Scottish power more likely to come from England /EU after DECC includes interconnectors in 2019-20 auction to keep the lights on

Energy Minister Andrea Leadsom MP
Energy Minister Andrea Leadsom MP

The Government has published the parameters for the next Capacity Market auction to ensure the UK has sufficient capacity to meet electricity demand for 2019-20.

The parameters outline the criteria for energy suppliers to apply and partake in the Government’s second capacity market auction, expected to take place in December 2015.

For the first time, this year interconnectors are eligible to participate, increasing the competitive pressure on the auction clearing price and helping to ensure that security of supply is delivered at least cost to consumers.

This makes it more likely that Scotland will have to import energy in bad winter weather conditions – when electricity generated from wind turbines can dive to zero – from England.

Parameters for the Transitional Arrangements auction, for delivery of capacity in 2016-17, to encourage the growth of the Demand Side Response sector are also published.

Junior UK Energy Minister Andrea Leadsom said: “We have a plan to power the country so that British people and businesses can be confident that the lights will stay on, not just this winter but in the years and decades ahead, at the lowest possible cost to the hardworking people paying the bills.

“We’re building a new generation of clean, secure and affordable energy supplies, and are doing all that we can to help innovative technology to thrive.”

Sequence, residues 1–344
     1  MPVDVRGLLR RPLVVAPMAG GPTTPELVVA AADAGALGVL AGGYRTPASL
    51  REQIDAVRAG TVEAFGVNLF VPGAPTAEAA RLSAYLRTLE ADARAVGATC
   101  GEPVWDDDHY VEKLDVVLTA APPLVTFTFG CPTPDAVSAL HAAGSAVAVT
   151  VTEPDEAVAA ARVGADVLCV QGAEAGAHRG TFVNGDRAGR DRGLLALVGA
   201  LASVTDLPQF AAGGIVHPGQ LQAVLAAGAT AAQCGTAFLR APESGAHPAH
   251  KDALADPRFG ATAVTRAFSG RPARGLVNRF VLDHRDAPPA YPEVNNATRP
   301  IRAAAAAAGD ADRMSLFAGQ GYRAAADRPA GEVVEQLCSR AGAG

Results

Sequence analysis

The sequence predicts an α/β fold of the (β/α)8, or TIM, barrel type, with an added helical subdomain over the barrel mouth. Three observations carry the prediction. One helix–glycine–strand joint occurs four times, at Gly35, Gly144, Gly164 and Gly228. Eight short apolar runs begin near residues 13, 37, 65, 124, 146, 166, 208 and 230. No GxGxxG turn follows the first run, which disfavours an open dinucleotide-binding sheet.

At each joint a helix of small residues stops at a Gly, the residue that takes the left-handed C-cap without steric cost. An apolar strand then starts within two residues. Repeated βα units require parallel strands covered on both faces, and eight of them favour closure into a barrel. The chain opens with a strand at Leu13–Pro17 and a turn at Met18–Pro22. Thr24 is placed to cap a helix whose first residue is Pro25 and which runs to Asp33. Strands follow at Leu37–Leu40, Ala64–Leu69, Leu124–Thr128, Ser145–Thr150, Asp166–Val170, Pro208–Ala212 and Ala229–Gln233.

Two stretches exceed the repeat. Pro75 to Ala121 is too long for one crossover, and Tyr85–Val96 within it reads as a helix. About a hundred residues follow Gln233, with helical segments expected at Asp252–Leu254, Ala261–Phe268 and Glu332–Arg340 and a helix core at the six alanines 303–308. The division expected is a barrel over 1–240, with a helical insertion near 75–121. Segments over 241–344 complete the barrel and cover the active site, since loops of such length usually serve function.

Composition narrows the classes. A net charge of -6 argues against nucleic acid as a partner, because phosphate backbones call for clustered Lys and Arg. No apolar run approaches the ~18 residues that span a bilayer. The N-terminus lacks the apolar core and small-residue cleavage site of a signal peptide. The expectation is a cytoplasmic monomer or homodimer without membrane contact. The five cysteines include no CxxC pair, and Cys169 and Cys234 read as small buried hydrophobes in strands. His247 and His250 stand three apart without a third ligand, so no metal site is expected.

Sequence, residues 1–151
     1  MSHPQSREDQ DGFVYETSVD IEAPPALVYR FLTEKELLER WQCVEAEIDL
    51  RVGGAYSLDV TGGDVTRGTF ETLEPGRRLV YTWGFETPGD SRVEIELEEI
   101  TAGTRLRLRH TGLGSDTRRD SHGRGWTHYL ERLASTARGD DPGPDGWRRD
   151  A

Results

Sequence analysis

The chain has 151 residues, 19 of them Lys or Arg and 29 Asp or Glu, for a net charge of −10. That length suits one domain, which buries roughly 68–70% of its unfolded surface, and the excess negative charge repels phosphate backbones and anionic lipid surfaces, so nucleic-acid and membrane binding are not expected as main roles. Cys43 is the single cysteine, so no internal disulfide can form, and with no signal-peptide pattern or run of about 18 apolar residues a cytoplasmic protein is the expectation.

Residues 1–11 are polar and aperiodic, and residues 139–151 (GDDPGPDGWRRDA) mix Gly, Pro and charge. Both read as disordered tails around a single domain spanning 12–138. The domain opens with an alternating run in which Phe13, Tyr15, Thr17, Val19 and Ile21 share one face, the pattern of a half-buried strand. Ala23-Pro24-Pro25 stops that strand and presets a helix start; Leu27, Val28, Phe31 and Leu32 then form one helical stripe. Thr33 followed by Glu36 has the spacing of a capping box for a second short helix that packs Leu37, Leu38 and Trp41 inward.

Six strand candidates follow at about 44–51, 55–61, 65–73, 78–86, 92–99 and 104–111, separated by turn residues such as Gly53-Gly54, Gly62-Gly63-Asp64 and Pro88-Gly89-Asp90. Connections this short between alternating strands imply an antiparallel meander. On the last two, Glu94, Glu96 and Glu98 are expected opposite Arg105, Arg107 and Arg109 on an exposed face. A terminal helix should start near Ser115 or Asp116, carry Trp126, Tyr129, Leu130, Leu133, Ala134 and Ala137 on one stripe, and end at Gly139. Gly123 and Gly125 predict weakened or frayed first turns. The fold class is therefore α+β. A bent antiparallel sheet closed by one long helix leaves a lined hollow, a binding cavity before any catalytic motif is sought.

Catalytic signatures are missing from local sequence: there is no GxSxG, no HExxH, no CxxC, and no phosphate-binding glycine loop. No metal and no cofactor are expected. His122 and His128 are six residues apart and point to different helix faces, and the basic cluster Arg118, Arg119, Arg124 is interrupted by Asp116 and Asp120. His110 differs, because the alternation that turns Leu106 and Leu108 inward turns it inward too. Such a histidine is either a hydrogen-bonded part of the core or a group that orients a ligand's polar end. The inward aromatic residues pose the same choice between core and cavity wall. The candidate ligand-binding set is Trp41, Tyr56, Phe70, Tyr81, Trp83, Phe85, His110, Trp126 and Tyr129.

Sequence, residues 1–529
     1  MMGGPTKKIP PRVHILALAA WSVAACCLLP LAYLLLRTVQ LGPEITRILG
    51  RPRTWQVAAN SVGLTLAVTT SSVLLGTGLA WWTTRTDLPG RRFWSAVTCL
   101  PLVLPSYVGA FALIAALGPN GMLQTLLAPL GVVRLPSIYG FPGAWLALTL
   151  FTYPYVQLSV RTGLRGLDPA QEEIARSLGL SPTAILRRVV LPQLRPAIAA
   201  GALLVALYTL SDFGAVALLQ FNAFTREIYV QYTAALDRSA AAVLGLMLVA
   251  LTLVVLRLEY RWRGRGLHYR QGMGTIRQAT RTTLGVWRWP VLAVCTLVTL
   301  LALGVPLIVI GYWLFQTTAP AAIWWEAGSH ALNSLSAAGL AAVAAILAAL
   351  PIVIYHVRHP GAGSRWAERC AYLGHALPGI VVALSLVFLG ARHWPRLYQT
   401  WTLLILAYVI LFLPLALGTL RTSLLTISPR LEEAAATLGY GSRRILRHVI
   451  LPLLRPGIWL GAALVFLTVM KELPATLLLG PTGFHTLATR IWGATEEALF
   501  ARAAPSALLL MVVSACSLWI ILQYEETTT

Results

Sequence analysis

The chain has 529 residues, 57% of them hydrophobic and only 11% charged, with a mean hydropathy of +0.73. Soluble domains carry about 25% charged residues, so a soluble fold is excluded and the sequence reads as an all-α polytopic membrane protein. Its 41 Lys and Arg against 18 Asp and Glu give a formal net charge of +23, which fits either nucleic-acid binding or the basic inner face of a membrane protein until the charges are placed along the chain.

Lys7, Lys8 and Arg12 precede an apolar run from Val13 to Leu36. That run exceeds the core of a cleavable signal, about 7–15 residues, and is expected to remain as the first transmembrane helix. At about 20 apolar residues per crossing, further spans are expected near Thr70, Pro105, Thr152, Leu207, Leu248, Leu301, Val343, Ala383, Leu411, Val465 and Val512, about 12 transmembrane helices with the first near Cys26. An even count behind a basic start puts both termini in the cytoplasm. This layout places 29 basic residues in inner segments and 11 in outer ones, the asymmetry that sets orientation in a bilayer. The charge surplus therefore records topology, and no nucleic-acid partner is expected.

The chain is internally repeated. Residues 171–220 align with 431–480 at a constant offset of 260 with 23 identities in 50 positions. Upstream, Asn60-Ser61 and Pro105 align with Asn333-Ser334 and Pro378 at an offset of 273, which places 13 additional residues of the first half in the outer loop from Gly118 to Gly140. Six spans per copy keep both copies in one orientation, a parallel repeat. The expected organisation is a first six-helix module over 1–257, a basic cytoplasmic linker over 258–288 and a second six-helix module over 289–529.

Using the tools provided by Government, National Grid has already announced the early procurement of additional reserve for this coming winter. This prudent step to ensure electricity supplies remain comfortable throughout winter ensured that bill payers benefited, with energy costing much less than last winter.

The Government also published a Command Paper in response to the House of Lords Science and Technology Select Committee report into the resilience of the UK electricity system.

The report endorsed the Government’s decision to play a greater role in managing the electricity system through Electricity Market Reform, and concluded that the additional tools given to National Grid to procure reserve capacity ahead of the capacity market will ensure continued security of supply.

The Scottish Government declined to provide a comment on these new parameters.

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